Shares of Weight Watchers International (WTW 19.69, -9.88, -33.4%), or "WW" as it is now wants to be known as, are crashing today in the wake of the wellness company's fourth quarter earnings report. The fourth quarter results weren't the real problem, although they were a bit of a problem with revenues of $330.4 million falling shy of analysts' average expectation.
The real problem was the company's dour guidance for fiscal 2019. Specifically, the company said it expects revenues to be ~$1.4 billion and EPS to be between $1.25 and $1.50. The midpoint of the EPS guidance is roughly 60% below analysts' average expectation before the report.
WW acknowledged that it had a "soft start to 2019," as its Winter Campaign did not recruit as expected, and that it expects member recruitment for 2019 to be below 2018 levels. Consequently, revenue and earnings will be lower in 2019.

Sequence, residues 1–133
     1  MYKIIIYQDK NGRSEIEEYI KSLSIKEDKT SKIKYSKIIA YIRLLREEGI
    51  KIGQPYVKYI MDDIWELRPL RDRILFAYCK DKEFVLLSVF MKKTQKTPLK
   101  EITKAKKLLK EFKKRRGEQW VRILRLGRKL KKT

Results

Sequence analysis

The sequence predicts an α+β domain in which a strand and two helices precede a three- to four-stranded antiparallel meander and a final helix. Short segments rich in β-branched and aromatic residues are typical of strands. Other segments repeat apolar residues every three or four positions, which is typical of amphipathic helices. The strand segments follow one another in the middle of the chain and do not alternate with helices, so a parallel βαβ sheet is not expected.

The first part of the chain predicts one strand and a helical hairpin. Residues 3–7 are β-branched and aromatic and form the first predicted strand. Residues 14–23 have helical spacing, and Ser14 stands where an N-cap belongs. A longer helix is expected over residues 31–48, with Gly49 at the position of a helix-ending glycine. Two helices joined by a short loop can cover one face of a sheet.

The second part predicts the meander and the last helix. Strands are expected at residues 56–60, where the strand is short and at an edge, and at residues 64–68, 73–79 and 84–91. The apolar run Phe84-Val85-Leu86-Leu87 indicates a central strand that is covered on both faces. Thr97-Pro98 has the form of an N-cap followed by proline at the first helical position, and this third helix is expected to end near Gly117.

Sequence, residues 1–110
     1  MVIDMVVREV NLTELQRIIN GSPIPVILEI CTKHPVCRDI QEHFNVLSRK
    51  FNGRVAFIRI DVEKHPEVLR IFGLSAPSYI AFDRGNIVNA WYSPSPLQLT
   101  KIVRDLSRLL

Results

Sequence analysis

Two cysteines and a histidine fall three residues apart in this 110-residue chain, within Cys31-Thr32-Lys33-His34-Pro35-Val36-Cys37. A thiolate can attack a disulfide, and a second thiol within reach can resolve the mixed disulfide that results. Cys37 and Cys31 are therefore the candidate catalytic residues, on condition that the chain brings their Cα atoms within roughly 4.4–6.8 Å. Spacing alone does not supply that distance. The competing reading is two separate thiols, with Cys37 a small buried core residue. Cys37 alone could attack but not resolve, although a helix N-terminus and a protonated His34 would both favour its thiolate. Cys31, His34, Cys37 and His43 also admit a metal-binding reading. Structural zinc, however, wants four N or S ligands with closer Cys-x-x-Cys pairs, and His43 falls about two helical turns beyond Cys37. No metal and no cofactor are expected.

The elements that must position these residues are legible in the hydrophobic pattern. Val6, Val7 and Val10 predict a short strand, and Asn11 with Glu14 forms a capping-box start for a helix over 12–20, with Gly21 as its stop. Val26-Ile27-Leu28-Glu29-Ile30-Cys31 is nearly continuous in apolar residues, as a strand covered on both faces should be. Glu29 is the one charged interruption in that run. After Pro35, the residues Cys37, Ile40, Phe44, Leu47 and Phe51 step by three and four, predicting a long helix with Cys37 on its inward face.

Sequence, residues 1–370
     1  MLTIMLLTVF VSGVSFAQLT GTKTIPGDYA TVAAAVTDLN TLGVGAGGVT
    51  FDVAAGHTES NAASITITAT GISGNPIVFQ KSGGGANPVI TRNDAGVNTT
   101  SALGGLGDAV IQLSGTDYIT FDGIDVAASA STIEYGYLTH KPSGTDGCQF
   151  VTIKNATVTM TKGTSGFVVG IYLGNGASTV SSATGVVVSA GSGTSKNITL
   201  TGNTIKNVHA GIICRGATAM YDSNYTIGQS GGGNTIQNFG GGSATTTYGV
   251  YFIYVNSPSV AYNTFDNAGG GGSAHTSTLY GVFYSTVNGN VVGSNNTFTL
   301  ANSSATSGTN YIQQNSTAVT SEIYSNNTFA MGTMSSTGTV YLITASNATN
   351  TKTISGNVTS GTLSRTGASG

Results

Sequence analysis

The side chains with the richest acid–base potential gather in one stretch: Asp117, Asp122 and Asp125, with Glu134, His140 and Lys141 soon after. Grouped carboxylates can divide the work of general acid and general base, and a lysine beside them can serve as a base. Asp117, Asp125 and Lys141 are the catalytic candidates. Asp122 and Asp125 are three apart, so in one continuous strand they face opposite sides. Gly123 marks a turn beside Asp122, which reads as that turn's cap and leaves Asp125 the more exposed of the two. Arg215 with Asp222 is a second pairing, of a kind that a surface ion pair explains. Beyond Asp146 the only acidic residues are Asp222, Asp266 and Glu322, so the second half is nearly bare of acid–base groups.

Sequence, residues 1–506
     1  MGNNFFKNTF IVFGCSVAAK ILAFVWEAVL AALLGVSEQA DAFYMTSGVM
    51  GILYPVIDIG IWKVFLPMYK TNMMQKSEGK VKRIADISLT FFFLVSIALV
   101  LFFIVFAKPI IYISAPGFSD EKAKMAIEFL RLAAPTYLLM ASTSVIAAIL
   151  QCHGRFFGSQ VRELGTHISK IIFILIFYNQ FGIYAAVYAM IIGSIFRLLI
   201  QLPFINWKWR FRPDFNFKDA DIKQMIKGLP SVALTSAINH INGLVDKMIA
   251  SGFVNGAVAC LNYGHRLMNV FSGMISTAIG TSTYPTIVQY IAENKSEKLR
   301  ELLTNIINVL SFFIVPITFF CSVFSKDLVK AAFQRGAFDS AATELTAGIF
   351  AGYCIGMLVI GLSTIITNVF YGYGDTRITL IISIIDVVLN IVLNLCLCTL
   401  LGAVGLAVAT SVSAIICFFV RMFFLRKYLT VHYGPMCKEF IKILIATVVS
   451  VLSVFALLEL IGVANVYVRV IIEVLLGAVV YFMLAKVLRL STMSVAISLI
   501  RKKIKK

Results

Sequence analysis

Many companies have issued earnings warnings for FY19 and haven't seen the material losses WW is seeing after its guidance. Why is the stock crashing, then, like it is:
- The FY19 guidance was so far below the consensus estimates that it has increased investor angst over the idea that WW is going to have to play catch up to its market in 2019 with aggressive marketing.
- The inability to gain the traction it was looking for with its Winter Campaign has fostered worries about increased competition and a loss of market share that might not be made up easily.
- The disappointing guidance has fueled a rash of downgrades from analysts and has presumably stoked institutional selling interest. WW has already traded more than 10x its average volume.
- Prior to the Q4 report, shares of WTW had fallen 72% from their June 2018 all-time-high, suggesting investors were already concerned about the company finding lasting success with its effort to re-brand itself as a wellness company and not just a weight loss company. The dour guidance has compounded those concerns.
At the midpoint of the updated FY19 guidance, and accounting for today's decline, WW trades at 14.4x estimated earnings. That's a seemingly attractive P/E multiple at first blush, but clearly, all isn't well for this wellness company. It has some making up to do with future operating results to demonstrate it is a value and not a value trap.